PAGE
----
Moreover, opinions have been voiced that The Thaw is Todorovskii’s most deeply personal statement and can therefore be seen as some kind of creative program, a recommendation for today’s creative elite and Russian intellectuals at large. Here is what Egor Moskvitin (2013) writes: “a serial-negotiator between the power and the intelligentsia, offering the renewal of some public contract.” What contract is he talking about? We remember the theory of “the big deal” proposed by Vera Dunham (1990) to explain the genesis of Stalinist society: the loyalty of the newly-formed Soviet “middle” class, the pillar of modernization, was exchanged for material and symbolical benefits. The condition of the deal was the gradual rejection of radical revolutionary projects, the asceticism of the post-Revolutionary era, and the right of professional communities to some autonomy. Andrei Arkhangelskii sees in Todorovskii’s image of the 1960s
a certain universal model of relationships between the bohemian circles and Russia’s power. According to which, for example, if you want to make something of your own, you first have to make something false-faithful. And— morally even meaner—something of the faithful sh*** has to be dressed up as talented. […] Finally, the destiny of a work of art in any case depends on the authorities […] In other words, it is possible to read the film as a sermon of conformism and even agree that this film is an unambiguous offer to renew the contract with the current intelligentsia on the model of the 1960s, and thus offer a return to the condition of an “eternal thaw.” But from another perspective, it is possible to see here a sermon of non-conformism, which, however, does not annul the general concept of “this was a great epoch.” (Arkhangelskii 2013).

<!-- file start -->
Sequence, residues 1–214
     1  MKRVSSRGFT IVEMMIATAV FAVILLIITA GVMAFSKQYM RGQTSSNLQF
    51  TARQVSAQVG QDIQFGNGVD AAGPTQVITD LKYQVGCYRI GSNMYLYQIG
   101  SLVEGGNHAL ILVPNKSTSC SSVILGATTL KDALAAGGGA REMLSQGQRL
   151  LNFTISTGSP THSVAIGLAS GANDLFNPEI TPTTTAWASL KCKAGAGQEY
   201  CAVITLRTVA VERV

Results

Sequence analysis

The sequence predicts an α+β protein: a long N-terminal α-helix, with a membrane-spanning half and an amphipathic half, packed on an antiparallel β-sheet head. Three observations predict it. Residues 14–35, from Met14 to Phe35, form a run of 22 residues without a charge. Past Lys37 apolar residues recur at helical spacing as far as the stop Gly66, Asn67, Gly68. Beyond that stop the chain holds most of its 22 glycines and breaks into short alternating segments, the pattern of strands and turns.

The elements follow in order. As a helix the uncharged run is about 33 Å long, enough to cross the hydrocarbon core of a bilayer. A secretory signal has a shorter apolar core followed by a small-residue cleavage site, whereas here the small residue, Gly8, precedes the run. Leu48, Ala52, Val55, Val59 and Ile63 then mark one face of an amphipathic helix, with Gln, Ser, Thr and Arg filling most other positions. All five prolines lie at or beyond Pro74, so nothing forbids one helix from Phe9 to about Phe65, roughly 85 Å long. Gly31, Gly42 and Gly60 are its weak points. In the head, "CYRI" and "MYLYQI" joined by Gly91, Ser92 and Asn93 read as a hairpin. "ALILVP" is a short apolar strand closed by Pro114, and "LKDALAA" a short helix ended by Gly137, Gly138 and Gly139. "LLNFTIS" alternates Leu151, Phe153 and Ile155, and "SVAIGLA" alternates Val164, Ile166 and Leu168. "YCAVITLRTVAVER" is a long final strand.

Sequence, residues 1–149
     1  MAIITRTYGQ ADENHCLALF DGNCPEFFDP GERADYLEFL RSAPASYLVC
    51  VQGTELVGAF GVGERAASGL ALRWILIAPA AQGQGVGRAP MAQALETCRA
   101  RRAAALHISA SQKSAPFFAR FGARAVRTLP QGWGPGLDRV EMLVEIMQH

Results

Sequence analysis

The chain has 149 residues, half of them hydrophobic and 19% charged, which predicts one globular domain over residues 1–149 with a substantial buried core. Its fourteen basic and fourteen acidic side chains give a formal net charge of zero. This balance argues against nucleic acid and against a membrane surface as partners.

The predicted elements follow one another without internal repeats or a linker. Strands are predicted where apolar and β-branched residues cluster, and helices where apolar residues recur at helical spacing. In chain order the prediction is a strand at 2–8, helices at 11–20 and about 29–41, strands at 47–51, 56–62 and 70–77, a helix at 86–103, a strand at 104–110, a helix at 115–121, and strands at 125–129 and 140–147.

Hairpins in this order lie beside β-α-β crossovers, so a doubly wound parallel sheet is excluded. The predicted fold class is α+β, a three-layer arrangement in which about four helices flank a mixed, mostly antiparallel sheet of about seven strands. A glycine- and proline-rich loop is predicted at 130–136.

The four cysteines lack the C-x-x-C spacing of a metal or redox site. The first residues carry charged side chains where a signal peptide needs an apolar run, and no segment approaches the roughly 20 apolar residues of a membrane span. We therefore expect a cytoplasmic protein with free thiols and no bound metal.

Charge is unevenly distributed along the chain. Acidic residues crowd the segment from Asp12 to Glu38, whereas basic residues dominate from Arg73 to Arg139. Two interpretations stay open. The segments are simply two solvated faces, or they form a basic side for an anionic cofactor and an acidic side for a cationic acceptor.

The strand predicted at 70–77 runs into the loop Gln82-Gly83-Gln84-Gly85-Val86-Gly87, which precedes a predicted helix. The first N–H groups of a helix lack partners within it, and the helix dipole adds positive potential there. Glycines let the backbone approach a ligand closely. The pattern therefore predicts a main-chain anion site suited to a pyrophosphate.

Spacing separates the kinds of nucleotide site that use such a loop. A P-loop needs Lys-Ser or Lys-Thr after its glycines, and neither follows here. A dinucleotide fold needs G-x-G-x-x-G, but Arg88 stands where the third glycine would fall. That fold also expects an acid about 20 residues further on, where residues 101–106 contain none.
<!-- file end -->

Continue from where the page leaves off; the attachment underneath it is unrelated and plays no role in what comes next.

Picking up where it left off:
In my view, the power of the serial lies in its exact match of ambivalence, or rather and more precisely of the ambiguity of conformism as a concept and social phenomenon. On the one hand, conformists are people of the social norm, not heroes or rebels; they have understood the rules of the game and try to be successful in this game with power. The aim of game is a good one: creativity, high professionalism, skills, and the aspiration to advance culture. The way of achieving this is through deals and exchanges. There is no other option: the issue lies in the price and the result. On the other hand, the conformists—adopting the deal as a method—risk to never create anything worthy. From the position of non-conformism, it is dangerous to play with the authorities and no negotiations should be entered; any contract with the authorities is always fraught with the loss of talent. “Conformism” has proven to be a term-trap, as its semantic focus is continuously displaced, depending on the system of coordinates. People who call someone a “conformist” are certain that they know where the border runs between conformist and non-conformist behavior. For example, the poet Olga Sedakova, while emphasizing the difference of the 1970’s generation from the previous one, sees in the 1960’s generation much more conformism than would seem to them: